2. Apply this knowledge in appropriate fields and work in the contemporary context using the basis of the traditional knowledge.
3. Disseminate the knowledge and wisdom of this tradition.
4. Engage in research and study of such areas and fields that will help understand the movement of the Indian scientific and technological tradition.
Author:Sri. Raghu Anantharaman
The Lok Swasthya Parampara Samvardhan Samiti (LSPSS) is a network of organizations involved in the task of revitalization of Lok Swasthya Paramparas that is people's health traditions. The LSPSS is guided by the understanding that there exists a symbiotic relationship between various local traditions of health and the indigenous systems of medicine (ISM) such as the Ayurveda, Siddha and the Unani systems. It is understood that the ISM are born out of the varied local traditions and they represent the scientific basis for these local health practices. Hence a major component of the revitalization work has consisted of promoting exchanges and interaction between the local health practitioners and the Acharyas of ISM.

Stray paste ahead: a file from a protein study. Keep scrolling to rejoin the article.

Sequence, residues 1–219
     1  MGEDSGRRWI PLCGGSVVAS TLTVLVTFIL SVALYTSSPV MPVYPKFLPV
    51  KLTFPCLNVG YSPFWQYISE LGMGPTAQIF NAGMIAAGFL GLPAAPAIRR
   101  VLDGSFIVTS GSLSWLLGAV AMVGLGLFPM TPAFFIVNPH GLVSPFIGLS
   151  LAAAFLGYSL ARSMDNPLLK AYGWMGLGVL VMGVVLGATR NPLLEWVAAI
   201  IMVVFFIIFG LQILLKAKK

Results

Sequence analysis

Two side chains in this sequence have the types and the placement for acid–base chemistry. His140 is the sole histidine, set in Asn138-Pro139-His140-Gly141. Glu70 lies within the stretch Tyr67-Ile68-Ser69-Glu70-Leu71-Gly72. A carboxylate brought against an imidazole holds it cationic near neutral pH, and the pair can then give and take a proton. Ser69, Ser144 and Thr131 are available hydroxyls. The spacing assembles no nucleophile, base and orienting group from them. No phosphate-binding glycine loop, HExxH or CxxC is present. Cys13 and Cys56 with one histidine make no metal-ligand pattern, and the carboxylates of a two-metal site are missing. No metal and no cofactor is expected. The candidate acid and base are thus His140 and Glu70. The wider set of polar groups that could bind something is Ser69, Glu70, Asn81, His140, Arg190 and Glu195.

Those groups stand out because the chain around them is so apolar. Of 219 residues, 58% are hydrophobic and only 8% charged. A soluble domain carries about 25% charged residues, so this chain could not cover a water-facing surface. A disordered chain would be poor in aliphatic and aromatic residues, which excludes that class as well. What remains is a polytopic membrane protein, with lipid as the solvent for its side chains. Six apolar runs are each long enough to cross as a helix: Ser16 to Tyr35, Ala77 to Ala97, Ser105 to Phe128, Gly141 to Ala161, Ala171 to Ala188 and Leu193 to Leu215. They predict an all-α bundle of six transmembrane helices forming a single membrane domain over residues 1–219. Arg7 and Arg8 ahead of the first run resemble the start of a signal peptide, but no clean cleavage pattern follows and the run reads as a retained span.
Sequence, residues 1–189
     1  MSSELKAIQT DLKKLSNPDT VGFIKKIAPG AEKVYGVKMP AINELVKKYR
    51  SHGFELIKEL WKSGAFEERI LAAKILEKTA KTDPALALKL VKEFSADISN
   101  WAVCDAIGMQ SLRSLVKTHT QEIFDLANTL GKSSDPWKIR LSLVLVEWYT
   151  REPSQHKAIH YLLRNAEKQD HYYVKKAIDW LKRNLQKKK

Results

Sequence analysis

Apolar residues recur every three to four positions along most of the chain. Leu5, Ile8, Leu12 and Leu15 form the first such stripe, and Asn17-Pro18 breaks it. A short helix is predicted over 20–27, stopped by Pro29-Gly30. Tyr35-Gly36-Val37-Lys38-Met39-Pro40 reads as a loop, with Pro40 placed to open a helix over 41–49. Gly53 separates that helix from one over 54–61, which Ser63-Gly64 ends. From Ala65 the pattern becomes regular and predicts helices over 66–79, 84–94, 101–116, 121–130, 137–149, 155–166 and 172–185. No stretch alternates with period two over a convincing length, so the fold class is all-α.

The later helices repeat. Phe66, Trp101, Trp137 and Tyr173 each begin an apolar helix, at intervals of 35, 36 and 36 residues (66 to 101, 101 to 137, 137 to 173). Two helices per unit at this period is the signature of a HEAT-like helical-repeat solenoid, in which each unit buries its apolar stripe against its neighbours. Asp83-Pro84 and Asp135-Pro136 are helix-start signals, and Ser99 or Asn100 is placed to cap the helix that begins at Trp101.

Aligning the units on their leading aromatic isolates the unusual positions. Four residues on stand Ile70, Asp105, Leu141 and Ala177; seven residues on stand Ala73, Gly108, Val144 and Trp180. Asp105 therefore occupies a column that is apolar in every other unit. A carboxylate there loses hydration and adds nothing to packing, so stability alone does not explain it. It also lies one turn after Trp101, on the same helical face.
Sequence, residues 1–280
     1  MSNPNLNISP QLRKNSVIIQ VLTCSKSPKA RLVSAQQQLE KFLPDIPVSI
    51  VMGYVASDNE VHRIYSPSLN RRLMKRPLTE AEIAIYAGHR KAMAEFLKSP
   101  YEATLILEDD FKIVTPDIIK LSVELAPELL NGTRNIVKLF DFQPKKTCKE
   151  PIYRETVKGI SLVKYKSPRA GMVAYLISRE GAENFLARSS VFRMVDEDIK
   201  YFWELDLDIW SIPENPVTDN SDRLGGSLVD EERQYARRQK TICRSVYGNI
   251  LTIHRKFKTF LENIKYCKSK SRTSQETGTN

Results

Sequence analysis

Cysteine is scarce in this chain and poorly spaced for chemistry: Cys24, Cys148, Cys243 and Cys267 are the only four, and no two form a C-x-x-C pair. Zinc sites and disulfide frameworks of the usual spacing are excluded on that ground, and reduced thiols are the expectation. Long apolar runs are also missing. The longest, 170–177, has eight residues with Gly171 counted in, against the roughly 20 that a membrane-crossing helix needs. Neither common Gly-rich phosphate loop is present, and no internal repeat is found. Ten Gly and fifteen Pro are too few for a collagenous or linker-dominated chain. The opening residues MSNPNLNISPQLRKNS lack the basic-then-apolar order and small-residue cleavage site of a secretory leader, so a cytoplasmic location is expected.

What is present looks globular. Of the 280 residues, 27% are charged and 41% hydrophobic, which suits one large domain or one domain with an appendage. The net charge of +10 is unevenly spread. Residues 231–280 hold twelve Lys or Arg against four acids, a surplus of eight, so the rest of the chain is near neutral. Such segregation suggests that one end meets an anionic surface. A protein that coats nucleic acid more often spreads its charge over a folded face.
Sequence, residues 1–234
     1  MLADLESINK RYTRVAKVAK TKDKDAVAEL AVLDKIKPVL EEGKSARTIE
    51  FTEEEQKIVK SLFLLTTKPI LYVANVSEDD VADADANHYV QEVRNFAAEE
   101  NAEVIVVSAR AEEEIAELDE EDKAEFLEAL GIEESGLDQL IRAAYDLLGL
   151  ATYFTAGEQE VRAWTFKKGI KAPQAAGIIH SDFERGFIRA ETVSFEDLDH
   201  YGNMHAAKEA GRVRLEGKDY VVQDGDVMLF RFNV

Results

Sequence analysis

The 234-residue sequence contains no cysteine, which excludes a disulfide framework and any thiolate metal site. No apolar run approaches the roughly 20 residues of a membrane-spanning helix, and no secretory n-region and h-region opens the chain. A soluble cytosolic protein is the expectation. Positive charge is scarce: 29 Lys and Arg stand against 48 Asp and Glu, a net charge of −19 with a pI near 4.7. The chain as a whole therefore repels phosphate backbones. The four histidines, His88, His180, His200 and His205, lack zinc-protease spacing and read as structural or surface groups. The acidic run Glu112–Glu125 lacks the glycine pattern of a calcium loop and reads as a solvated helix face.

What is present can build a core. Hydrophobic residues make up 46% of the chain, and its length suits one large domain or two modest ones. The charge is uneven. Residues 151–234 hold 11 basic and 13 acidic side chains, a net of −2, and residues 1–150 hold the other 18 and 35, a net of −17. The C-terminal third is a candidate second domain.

A pioneering effort in this direction had been carried out by the Academy of Development Science in the Karjat taluk of Maharashtra. A systematic scientific evaluation of the strengths and weaknesses in the local health traditions among the tribals in Karjat Taluk had been undertaken by the Academy in the light of the science of Ayurveda since 1982. This evaluation revealed that the local health traditions were far more comprehensive in their scope than the modern package on primary health care. In December 1985 a meeting was convened in Karjat where over thirty organizations from all over India were invited to Karjat to share their experiences and findings in this field. It was on this occasion that the LSPSS was formed as a national network of organizations promoting local health traditions. It has now born registered as a society with Sri Aware Guruji as President, Sri Darshan Shankar (of the Academy of Development Science) as Chairman and Vaidya Gangadharan (formerly of the Rural Health Centre, Coimbatore) as Secretary. Sri Aware Guruji who is a tribal medical practitioner from Nasik has been actively involved for over twenty years in exploring his community's tradition of health care.